Saint Frances review: An honest look at women’s most intimate experiences

Kelly O’Sullivan writes and stars in a comedy that breaches the wall of silence around having a child – and choosing not to

Clarisse Loughrey
Thursday 16 July 2020 12:17
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Saint Frances trailer

Dir: Alex Thompson. Starring: Kelly O’Sullivan, Ramona Edith Williams, Charin Alvarez, Lily Mojekwu, Max Lipchitz. 15 cert, 100 mins.

In Saint Frances, a mother confesses to her adult daughter that she used to fantasise about smashing her baby’s head against the wall. On some days, parenthood felt simply like too much to handle. It may sound shocking, but as the mother, Carol (Mary Beth Fisher), argues: “It’s the truth and women should talk about it more often.” The old rules of respectability have let these kinds of fears and uncertainties fester in the shadows for far too long. Here’s a comedy, written by and starring Kelly O’Sullivan, that actively seeks them out – it’s an unvarnished perspective on both having a child and choosing not to.

At first, the daughter, named Bridget (O’Sullivan), reads like any other case study of “stunted adulthood”. She drifts from job to job, quietly jealous of her younger brother, who seemingly has it all: career, home, in-built sense of responsibility. She’s been newly hired as the nanny to a six-year-old Frances (Ramona Edith Williams), whose mothers Maya (Charin Alvarez) and Annie (Lily Mojekwu) are about to welcome a baby boy into their life. In truth, she only got the job because Frances took an instant disliking to the trained, experienced woman they’d initially hired.

Her employers bask in the rosy glow of middle-class liberalism. They have their beautiful home, out in the Chicago suburbs – a Black Lives Matter sign planted on the grass outside. Annie is a lawyer, while Maya’s job has given her ample maternity leave. Frances borders on precocious, her mind already filled with the fierce, feminist mantras of her mothers. “I have to find something most comfortable for my body, because every woman’s body is different,” she recites with confidence, when the matter of period products crops up.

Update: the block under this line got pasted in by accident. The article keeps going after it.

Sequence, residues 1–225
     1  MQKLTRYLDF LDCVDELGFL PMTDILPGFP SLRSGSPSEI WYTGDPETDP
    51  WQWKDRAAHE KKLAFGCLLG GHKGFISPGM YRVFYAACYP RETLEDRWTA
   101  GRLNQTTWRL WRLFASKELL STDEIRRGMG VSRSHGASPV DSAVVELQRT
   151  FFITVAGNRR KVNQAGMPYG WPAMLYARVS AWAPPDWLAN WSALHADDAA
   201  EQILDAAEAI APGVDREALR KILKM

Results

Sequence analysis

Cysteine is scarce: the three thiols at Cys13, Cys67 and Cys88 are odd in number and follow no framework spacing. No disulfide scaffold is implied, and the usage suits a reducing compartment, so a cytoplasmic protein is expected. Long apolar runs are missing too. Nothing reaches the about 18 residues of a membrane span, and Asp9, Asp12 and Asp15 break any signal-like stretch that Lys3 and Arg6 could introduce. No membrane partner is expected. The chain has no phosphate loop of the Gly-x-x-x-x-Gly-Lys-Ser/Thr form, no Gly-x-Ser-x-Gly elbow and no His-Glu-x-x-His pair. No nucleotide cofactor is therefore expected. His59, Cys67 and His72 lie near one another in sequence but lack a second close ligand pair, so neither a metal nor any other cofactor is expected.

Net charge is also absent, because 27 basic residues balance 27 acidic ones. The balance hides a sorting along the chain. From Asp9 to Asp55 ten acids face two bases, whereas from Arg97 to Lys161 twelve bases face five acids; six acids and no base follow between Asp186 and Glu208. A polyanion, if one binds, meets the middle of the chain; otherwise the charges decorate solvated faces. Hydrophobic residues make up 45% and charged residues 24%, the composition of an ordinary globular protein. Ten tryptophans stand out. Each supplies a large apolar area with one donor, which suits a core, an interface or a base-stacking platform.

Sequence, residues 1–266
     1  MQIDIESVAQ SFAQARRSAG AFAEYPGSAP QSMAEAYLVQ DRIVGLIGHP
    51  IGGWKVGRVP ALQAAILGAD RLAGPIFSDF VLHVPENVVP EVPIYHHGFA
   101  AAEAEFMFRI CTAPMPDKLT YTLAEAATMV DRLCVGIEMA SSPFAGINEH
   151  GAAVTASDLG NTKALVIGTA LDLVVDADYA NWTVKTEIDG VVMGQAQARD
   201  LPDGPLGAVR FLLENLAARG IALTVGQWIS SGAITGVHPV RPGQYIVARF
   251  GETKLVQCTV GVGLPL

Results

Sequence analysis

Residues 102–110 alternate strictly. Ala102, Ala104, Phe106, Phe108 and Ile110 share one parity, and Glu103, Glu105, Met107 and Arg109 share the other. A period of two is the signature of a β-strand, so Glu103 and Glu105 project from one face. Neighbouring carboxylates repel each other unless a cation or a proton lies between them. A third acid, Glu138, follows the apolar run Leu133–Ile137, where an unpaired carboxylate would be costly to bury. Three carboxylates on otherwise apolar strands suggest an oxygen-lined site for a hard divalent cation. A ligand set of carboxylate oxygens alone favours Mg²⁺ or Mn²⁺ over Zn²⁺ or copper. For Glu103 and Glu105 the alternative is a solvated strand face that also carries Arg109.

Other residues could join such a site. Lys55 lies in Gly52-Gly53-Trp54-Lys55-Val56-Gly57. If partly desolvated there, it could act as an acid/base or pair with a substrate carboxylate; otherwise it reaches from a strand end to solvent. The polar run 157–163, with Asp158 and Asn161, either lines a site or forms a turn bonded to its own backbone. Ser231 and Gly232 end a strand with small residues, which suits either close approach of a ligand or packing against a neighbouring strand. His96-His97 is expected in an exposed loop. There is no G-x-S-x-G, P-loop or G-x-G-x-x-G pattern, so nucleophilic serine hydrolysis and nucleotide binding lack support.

But these women – Bridget, Maya, and Annie – have started to drift apart, each a prisoner to their own secrets. Annie’s workload has made her a rare presence in the house. She worries she’s failed as a parent. Maya is caught in a deep, postpartum depression (Alvarez quietly hollows herself out, offering the film’s best performance). Bridget has just had an abortion. Her current fling, 26-year-old Jace (Max Lipchitz), may be supportive, but she resents the fact that it’s her body alone that must suffer. All three women are muzzled by shame. The only true conflict here is their inability to talk to each other.

Every once in a while, that wall of silence is breached by the sight of a bloodstain, left behind on a bedsheet or chair – intermittent bleeding is an aftereffect of Bridget’s abortion. She’s always taken by surprise but, for the audience, it’s a reminder of how unnatural all this repression is. A person is not born with shame, but absorbs it. A portrait of the Virgin Mary, hung in Maya and Annie’s home, hints at the long history of sanctifying motherhood. There’s no room to diverge from the path.

O’Sullivan’s screenplay, much like her performance, is sweet without ever turning sickly. Alex Thompson’s direction, in turn, carefully matches her tone. Saint Frances may feature montages of Bridget and Frances playing in sun-dappled parks and dancing to Joan Jett, but there’s a vein of sorrow that runs through the film – we hear from a college classmate that everyone once thought Bridget was “the next Sylvia Plath”. Expectations can be stifling, but there’s still a hope that Frances, so bright and self-assured, won’t end up dulled by reality.

Saint Frances will be released in cinemas on 24 July

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